Wednesday, October 13, 2010

Newman's Literary Workmanship

The Central Catholic Library is marking the recent beatification of John Henry Newman with two events. The first of these is an exhibition of early editions of Newman's writings, and is a collaboration between our Honorary Librarian, Peter Costello, and Newman scholar Dr. Angelo Bottone. (1st - 22nd October).

Secondly, Professor Teresa Iglesias (a founding member of the Newman Society) will give a lecture in the Library on 19th October. She will speak about her editorial work on a new edition of Newman's The Idea of a University, published to mark the 15oth anniversary of University College Dublin.

The essays contained in The Idea of a University are of perennial interest. They are also a very good introduction to Newman's work for those readers who are not sure par quel bout prendre this prolific thinker. To focus on just one aspect, the essays offer a perfect example of Newman's "silver-veined prose" (as Joyce called it). And in fact, they also contain a commentary on that prose, encapsulated in the concept of "literary workmanship".

Newman uses the phrase in the essay entitled "Literature", as he works out a theory of literary creativity. He understands the act of writing as being aligned with plastic arts such as sculpture. The writer works words into texts as a potter works clay. For why, asks Newman "should not language be wrought as well as the clay of the modeller?" He imagines the writer shaping a text, drafting, correcting, redrafting, "taking pains", constantly learning his craft, devoloping a personal style as he thinks his way in words. For style, as Newman defines it, is "a thinking out in language", and the dedication to faithfully and appropriately expressing his thought is the essence of the writer's creative integrity.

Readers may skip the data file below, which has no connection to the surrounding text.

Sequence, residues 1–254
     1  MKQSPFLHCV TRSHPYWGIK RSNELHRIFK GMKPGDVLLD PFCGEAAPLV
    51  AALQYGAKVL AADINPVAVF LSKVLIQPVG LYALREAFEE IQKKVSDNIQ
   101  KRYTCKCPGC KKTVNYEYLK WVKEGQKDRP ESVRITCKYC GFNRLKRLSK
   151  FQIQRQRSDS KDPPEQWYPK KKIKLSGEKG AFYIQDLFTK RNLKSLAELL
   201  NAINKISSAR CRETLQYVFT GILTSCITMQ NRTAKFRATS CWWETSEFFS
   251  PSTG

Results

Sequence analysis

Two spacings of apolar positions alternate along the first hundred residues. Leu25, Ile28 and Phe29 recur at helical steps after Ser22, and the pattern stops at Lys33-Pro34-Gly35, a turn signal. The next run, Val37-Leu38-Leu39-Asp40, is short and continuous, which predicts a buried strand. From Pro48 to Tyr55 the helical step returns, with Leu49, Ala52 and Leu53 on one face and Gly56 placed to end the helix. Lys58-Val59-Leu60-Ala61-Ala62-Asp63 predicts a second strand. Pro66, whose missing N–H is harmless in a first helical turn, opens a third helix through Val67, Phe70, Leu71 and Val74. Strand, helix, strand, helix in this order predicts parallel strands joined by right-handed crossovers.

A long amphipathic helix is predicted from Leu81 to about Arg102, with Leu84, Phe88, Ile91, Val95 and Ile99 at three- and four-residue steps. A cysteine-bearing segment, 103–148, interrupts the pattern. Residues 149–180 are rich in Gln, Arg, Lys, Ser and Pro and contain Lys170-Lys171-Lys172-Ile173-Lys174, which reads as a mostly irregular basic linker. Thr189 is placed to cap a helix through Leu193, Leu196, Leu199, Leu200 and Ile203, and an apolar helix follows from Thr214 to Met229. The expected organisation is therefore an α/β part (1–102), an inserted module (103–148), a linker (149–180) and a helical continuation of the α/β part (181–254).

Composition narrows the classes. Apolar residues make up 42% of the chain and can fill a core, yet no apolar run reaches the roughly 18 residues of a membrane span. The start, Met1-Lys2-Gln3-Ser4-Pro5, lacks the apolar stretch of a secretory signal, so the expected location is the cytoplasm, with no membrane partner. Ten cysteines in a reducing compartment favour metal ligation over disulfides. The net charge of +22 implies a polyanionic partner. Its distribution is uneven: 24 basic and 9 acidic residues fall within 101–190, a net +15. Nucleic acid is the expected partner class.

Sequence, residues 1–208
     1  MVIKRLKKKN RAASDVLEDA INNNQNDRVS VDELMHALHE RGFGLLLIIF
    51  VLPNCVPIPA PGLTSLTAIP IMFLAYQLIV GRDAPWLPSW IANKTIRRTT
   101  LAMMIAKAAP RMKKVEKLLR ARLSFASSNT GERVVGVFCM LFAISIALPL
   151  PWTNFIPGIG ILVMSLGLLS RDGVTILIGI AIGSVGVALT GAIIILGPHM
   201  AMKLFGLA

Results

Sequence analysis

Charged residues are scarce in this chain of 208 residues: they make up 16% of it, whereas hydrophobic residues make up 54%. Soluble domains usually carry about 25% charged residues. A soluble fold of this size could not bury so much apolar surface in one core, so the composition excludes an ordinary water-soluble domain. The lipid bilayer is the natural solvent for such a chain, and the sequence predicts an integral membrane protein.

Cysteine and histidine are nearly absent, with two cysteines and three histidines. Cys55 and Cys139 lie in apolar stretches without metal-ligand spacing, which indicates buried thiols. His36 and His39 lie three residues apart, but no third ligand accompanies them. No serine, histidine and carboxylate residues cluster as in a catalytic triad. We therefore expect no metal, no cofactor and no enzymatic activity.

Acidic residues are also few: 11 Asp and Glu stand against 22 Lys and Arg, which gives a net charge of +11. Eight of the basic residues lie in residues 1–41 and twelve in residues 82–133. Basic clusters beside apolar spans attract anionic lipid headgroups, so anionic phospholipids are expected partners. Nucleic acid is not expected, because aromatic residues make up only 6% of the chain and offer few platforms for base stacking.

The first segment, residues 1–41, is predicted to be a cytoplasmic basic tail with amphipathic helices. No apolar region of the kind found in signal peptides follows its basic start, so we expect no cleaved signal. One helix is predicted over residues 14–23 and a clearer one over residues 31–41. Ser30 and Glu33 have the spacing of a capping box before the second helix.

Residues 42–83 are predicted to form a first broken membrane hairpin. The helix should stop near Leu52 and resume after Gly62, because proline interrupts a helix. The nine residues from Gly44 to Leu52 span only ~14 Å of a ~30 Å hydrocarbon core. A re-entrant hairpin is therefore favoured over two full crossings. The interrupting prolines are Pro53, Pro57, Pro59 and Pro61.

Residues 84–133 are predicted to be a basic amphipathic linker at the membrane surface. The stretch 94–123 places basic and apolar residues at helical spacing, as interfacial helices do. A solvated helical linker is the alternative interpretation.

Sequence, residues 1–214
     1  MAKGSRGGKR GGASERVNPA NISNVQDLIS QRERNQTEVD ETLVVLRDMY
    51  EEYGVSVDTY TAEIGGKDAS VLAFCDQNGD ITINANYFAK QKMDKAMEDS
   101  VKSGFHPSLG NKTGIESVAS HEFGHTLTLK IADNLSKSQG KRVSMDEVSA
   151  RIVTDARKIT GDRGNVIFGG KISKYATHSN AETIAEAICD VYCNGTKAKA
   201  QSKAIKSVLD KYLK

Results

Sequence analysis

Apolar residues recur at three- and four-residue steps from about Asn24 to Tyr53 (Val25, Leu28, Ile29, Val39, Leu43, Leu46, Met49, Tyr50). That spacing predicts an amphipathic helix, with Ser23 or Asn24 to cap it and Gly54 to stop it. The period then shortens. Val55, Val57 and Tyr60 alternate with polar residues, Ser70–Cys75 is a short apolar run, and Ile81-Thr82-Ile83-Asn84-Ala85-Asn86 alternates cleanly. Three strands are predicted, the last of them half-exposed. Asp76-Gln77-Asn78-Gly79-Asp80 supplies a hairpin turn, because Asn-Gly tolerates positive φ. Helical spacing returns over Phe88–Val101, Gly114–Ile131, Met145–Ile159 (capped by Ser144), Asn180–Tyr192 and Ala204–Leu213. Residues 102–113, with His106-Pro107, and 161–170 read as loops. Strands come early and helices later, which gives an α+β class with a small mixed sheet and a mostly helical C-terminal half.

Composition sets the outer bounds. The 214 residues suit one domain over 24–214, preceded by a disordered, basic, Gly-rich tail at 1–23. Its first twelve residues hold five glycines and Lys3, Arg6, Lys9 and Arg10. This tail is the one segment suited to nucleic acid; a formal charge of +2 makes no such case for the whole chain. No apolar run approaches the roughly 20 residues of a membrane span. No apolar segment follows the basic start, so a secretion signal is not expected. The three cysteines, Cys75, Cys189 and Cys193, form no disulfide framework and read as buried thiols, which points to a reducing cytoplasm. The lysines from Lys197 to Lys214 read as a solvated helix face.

This understanding of the literary act underpins Newman's achievements as a literary stylist and hence, we might say, as a thinker. One of his biographers, Brian Martin, describes the cardinal as one of the greatest of English nineteenth century prose stylists, and this is a judgement shared by many, including Joyce.